“I’ve always felt very supported and accepted (at SIUE),” Fulk said. “I honestly haven’t had a single issue that had to do with sexual identity. LGBT events are just as promoted as other events.”
But Fulk and Gay-Straight Alliance President David Munguia have noticed their events aren’t as well attended. They’re hoping for a good turnout at the annual Delta Lambda Phi Drag Show on Oct. 22 in the Meridian Ballroom.
I knew there would be people here I could relate to and talk to. Heterosexual people have different experiences than homosexual people, whether it’s dating or family life or anything like that.
David Munguia on why he came to SIUE
“Some of our (fliers) have been torn down in the past,” said Munguia, 22, of Peoria. “And when you see these kinds of things, you realize everything is not sunshine and rainbows.”
Munguia, a political science major and gay man, came to SIUE specifically because of the fraternity and alliance, which has about 25 members.
“I knew there would be people here I could relate to and talk to,” he said. “Heterosexual people have different experiences than homosexual people, whether it’s dating or family life or anything like that.”
This year’s other Delta Lambda Phi pledge is Cris Copeland, a business administration major and transgender student who identifies and presents as male.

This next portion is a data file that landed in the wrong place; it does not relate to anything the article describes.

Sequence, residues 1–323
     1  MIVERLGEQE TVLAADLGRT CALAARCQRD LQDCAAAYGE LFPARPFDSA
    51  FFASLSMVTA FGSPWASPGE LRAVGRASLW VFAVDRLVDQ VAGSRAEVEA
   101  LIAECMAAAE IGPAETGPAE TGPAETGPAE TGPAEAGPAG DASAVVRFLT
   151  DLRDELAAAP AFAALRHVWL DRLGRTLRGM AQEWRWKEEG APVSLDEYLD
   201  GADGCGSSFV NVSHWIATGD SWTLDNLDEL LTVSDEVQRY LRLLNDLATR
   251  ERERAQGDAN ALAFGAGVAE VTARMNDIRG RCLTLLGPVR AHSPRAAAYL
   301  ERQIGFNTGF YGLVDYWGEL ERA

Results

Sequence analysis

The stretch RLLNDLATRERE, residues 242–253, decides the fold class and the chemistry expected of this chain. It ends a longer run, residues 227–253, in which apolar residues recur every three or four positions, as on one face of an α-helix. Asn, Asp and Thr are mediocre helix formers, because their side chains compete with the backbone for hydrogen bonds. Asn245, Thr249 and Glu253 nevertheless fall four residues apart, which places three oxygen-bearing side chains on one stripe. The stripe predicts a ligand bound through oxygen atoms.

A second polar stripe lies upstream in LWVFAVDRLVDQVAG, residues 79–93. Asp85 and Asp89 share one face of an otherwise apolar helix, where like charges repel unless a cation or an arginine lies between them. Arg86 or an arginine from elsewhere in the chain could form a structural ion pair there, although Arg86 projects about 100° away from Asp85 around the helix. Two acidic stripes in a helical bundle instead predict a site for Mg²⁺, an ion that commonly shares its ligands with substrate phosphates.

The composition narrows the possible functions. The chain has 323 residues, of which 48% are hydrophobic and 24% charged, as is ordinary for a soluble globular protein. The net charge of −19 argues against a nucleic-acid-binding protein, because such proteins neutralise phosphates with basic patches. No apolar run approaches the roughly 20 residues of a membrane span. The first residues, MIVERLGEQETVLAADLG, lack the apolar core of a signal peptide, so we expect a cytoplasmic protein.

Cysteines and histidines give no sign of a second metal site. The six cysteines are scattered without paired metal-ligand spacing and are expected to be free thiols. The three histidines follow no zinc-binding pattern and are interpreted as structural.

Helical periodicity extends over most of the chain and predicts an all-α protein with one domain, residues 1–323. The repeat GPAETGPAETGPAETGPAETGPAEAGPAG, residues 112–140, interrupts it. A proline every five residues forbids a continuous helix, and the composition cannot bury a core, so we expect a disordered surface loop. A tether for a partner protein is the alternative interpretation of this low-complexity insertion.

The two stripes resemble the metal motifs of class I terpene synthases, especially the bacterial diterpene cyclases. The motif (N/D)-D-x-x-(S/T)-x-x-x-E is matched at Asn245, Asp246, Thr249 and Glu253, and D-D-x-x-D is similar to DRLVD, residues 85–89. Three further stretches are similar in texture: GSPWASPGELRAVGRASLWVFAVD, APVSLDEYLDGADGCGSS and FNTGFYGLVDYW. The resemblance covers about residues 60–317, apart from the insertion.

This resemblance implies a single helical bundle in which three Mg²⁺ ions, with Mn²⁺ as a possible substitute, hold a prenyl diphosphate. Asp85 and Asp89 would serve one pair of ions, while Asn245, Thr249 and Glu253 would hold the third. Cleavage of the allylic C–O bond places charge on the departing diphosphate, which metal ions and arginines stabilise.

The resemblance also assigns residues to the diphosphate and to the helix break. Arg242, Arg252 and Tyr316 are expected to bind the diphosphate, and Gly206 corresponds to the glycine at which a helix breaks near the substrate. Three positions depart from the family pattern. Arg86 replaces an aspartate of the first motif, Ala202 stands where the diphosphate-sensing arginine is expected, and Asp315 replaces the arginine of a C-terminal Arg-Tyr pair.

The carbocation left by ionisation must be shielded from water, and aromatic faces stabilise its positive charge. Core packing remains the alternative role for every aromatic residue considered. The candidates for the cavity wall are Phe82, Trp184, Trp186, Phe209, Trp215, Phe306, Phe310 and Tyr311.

College has been a time of self-awareness for Copeland, 24, of Glen Carbon. The Highland native came out as a lesbian at 17 and later realized it was a mistake.
“I liked women, but at the same time, I felt like I should have been a man,” Copeland said. “I kind of had a feeling about it when I was much younger, but I repressed those feelings because I didn’t really know there was a such thing as transgender.”
Today, Copeland’s military-style haircut and masculine clothing often get double-takes from other students. A psychologist is considering whether to prescribe hormones in preparation for a sex change.
Copeland’s immediate wish is that SIUE would install more non-sex-specific restrooms. It now has about five scattered around campus.
“I feel uncomfortable in women’s restrooms, but I’m not to the point that I feel confident in a men’s restroom,” Copeland said. “I don’t pass well. I look kind of like a guy, but my voice gives me away.”
Safe Zone co-chair Matthews applauds recent changes in LGBT laws, policies and attitudes but feels society has a lot more work to do.
“We still have hate crimes,” she said. “The incidence of suicide and mental health problems in the LGBT community is still much higher than it is in the rest of the population. I think that education and dialogue is important. It’s easy to think, ‘As long as it’s not happening on our campus, it’s OK.’ You can stay in your own bubble.”
LGBTQ-Friendly Campus Climate Index
Illinois and St. Louis colleges and universities registered with Campus Pride (five stars possible)
- Southern Illinois University Edwardsville: ☆☆☆☆ 1/2
- Washington University, St. Louis: ☆☆☆☆ 1/2
- Illinois Wesleyan University, Bloomington: ☆☆☆☆
- Eastern Illinois University, Charleston: ☆☆☆ 1/2
- Illinois State University, Normal: ☆☆☆ 1/2
- Knox College, Galesburg: ☆☆☆
- Adler School of Professional Psychology, Chicago: ☆☆☆
- University of Missouri-St. Louis: ☆☆ 1/2
- Northeastern Illinois University, Chicago: ☆☆ 1/2
- Kankakee Community College: ☆ 1/2